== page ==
Magnetic Force on Current-Carrying Wires
Magnetic Force on Current-Carrying Wires
Since an electric current is just a bunch of moving charges, wires carrying current will be subject to a force when in a magnetic field. When dealing with a current in a wire, we obviously can’t use units of q and v. However, qv can equally be expressed in terms of Il, where I is the current in a wire, and l is the length, in meters, of the wire—both qv and Il are expressed in units of C · m/s. So we can reformulate the equation for the magnitude of a magnetic force in order to apply it to a current-carrying wire:
In this formulation, is the angle the wire makes with the magnetic field. We determine the direction of the force by using the right-hand rule between the direction of the current and that of the magnetic field.
Example
In the figure above, a magnetic field of T is applied locally to one part of an electric circuit with a 5 resistor and a voltage of 30 V. The length of wire to which the magnetic field is applied is 2 m. What is the magnetic force acting on that stretch of wire?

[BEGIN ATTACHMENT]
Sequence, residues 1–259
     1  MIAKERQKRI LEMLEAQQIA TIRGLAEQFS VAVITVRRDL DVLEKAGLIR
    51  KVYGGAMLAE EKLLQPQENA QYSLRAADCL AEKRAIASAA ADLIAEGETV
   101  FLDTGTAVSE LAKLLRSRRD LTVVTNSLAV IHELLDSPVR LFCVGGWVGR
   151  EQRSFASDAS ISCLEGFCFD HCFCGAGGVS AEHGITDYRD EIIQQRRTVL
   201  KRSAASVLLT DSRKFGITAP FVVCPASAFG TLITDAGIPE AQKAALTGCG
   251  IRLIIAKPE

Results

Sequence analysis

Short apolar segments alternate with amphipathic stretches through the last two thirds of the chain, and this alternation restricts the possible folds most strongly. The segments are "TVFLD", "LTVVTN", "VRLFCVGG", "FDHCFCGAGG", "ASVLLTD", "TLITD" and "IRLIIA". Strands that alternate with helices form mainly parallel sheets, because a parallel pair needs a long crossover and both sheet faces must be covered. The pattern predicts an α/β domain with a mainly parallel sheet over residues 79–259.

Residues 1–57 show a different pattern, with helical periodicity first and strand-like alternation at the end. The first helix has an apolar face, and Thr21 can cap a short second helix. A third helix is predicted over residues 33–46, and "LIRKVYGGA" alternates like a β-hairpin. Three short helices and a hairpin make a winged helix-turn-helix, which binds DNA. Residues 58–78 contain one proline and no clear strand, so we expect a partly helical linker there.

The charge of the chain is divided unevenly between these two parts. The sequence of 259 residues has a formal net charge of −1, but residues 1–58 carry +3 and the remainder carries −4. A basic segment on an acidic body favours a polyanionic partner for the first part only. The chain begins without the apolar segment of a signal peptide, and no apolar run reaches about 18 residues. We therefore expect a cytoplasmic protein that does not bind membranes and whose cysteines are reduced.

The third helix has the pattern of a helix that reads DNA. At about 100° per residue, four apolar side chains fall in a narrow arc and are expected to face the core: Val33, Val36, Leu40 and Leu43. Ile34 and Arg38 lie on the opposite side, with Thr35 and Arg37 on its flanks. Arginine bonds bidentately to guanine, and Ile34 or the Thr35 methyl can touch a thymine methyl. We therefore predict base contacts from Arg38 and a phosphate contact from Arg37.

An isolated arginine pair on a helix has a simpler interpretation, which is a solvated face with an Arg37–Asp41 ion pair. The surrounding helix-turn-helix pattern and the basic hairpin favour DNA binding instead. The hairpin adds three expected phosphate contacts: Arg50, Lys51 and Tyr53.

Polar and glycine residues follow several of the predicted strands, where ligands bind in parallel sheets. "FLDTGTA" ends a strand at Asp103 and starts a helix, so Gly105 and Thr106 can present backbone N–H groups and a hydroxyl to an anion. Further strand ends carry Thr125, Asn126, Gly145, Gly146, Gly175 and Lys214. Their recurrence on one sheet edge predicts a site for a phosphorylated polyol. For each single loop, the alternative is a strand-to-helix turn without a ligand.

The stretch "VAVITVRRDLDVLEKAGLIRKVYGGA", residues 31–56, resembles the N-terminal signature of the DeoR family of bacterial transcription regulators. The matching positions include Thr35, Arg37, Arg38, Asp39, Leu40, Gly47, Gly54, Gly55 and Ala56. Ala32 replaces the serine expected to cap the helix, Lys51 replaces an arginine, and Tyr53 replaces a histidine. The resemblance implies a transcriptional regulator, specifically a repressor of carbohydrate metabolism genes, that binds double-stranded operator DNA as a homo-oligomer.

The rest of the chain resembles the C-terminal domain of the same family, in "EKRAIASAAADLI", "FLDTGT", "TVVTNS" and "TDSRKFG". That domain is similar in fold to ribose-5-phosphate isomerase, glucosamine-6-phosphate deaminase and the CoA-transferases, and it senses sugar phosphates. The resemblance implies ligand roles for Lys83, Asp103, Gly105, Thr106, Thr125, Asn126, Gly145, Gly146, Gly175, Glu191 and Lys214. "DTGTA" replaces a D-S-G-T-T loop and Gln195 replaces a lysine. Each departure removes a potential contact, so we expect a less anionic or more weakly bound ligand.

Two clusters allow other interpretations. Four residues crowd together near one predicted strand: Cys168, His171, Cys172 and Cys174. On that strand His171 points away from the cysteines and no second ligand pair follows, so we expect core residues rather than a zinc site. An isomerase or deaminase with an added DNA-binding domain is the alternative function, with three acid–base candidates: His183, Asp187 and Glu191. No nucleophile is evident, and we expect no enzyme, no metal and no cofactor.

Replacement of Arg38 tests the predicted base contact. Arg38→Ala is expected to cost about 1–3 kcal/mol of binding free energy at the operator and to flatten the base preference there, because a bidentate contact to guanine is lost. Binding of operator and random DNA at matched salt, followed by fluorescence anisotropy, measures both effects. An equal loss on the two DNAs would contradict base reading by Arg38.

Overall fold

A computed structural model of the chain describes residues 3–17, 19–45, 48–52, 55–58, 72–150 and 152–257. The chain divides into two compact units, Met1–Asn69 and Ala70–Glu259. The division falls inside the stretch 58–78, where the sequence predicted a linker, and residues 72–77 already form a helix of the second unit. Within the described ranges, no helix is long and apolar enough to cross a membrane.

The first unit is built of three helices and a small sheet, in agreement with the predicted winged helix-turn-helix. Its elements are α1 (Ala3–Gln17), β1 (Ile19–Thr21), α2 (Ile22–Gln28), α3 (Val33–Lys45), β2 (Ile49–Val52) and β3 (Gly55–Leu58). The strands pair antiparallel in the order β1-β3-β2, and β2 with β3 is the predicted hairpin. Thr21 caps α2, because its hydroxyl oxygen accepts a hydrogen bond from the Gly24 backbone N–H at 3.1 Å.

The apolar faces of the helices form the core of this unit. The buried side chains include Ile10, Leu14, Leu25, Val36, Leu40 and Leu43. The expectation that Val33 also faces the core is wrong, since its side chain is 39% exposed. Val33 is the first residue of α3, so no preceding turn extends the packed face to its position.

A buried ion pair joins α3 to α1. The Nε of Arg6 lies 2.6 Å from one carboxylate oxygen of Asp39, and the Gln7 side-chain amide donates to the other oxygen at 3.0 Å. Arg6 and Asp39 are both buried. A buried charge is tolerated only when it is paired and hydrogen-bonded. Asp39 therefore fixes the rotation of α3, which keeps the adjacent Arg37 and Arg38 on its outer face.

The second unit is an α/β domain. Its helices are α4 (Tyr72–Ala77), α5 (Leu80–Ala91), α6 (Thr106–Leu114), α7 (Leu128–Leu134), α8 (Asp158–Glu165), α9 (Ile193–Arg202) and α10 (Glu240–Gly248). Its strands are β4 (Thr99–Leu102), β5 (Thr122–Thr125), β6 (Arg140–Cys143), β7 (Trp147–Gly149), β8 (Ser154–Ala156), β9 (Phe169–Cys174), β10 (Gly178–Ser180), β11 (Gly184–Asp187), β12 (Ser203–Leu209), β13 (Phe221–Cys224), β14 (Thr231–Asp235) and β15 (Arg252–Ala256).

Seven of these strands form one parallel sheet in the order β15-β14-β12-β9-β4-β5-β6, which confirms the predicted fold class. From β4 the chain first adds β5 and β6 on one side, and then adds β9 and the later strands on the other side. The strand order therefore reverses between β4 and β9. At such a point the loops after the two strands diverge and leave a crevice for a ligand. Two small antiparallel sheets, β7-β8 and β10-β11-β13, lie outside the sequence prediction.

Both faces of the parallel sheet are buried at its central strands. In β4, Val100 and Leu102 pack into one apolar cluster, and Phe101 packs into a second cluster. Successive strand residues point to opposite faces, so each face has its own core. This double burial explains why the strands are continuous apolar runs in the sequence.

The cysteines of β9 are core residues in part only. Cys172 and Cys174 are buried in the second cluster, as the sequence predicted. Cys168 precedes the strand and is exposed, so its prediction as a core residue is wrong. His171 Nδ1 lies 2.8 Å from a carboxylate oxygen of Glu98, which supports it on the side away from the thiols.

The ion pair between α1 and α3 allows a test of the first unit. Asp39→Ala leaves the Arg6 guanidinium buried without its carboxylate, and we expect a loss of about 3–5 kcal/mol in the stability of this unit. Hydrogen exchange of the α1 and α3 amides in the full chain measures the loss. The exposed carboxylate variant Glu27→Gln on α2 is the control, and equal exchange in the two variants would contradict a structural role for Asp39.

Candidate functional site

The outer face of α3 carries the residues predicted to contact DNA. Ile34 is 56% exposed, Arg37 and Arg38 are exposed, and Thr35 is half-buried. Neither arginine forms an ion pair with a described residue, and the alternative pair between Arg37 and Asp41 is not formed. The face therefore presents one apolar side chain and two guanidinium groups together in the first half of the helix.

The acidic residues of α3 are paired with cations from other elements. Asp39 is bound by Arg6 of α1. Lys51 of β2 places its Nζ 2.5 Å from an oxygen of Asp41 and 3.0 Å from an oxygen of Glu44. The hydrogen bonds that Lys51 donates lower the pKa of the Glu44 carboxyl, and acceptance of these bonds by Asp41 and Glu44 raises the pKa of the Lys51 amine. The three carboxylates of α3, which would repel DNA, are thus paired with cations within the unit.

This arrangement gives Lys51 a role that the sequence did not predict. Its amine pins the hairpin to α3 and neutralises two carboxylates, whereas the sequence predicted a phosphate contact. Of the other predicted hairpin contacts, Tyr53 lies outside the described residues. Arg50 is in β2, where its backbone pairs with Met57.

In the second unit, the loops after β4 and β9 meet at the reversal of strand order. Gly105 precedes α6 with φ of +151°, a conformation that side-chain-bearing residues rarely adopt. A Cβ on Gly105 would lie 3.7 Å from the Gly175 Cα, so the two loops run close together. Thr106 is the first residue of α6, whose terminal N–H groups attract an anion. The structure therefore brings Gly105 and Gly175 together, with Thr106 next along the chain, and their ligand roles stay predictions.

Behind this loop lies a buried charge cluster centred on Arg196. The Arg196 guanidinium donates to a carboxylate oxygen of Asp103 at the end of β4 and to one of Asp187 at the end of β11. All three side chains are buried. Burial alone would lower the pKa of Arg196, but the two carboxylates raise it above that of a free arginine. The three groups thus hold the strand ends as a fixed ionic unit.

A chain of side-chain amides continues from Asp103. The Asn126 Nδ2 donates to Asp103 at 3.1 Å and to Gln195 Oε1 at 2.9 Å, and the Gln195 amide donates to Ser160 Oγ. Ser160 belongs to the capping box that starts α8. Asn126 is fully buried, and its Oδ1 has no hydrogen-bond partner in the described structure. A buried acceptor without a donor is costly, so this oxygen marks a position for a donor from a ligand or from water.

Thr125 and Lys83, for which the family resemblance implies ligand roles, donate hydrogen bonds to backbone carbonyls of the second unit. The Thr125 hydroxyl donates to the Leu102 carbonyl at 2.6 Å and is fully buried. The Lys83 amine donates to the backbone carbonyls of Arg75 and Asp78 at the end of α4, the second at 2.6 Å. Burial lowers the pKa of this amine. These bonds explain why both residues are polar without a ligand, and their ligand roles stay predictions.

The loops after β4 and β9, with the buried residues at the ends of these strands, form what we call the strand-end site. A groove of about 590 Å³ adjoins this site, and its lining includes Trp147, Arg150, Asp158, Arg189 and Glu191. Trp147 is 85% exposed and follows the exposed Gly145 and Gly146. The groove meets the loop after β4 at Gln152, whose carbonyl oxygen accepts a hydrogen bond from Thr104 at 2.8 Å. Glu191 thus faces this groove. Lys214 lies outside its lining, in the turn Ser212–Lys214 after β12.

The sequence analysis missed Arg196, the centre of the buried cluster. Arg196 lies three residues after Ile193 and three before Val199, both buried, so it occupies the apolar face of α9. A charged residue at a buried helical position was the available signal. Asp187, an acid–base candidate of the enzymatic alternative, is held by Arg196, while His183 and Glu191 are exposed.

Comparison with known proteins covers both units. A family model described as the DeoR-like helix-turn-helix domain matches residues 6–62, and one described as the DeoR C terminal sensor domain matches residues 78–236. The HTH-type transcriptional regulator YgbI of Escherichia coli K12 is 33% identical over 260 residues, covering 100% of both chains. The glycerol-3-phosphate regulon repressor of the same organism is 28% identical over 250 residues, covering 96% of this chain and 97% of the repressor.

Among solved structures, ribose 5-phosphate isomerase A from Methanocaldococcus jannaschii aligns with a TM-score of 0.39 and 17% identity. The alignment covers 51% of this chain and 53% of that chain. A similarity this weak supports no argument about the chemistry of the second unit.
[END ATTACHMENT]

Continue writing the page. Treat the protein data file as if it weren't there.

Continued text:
We are only interested in the stretch of wire on the right, where the current flows in a downward direction. The direction of current is perpendicular to the magnetic field, which is directed into the page, so we know the magnetic force will have a magnitude of F = IlB, and will be directed to the right.
We have been told the magnetic field strength and the length of the wire, but we need to calculate the current in the wire. We know the circuit has a voltage of 30 V and a resistance of 5 , so calculating the current is just a matter of applying Ohm’s Law:
Now that we know the current, we can simply plug numbers into the equation for the force of a magnetic field on a current-carrying wire:
Help | Feedback | Make a request | Report an error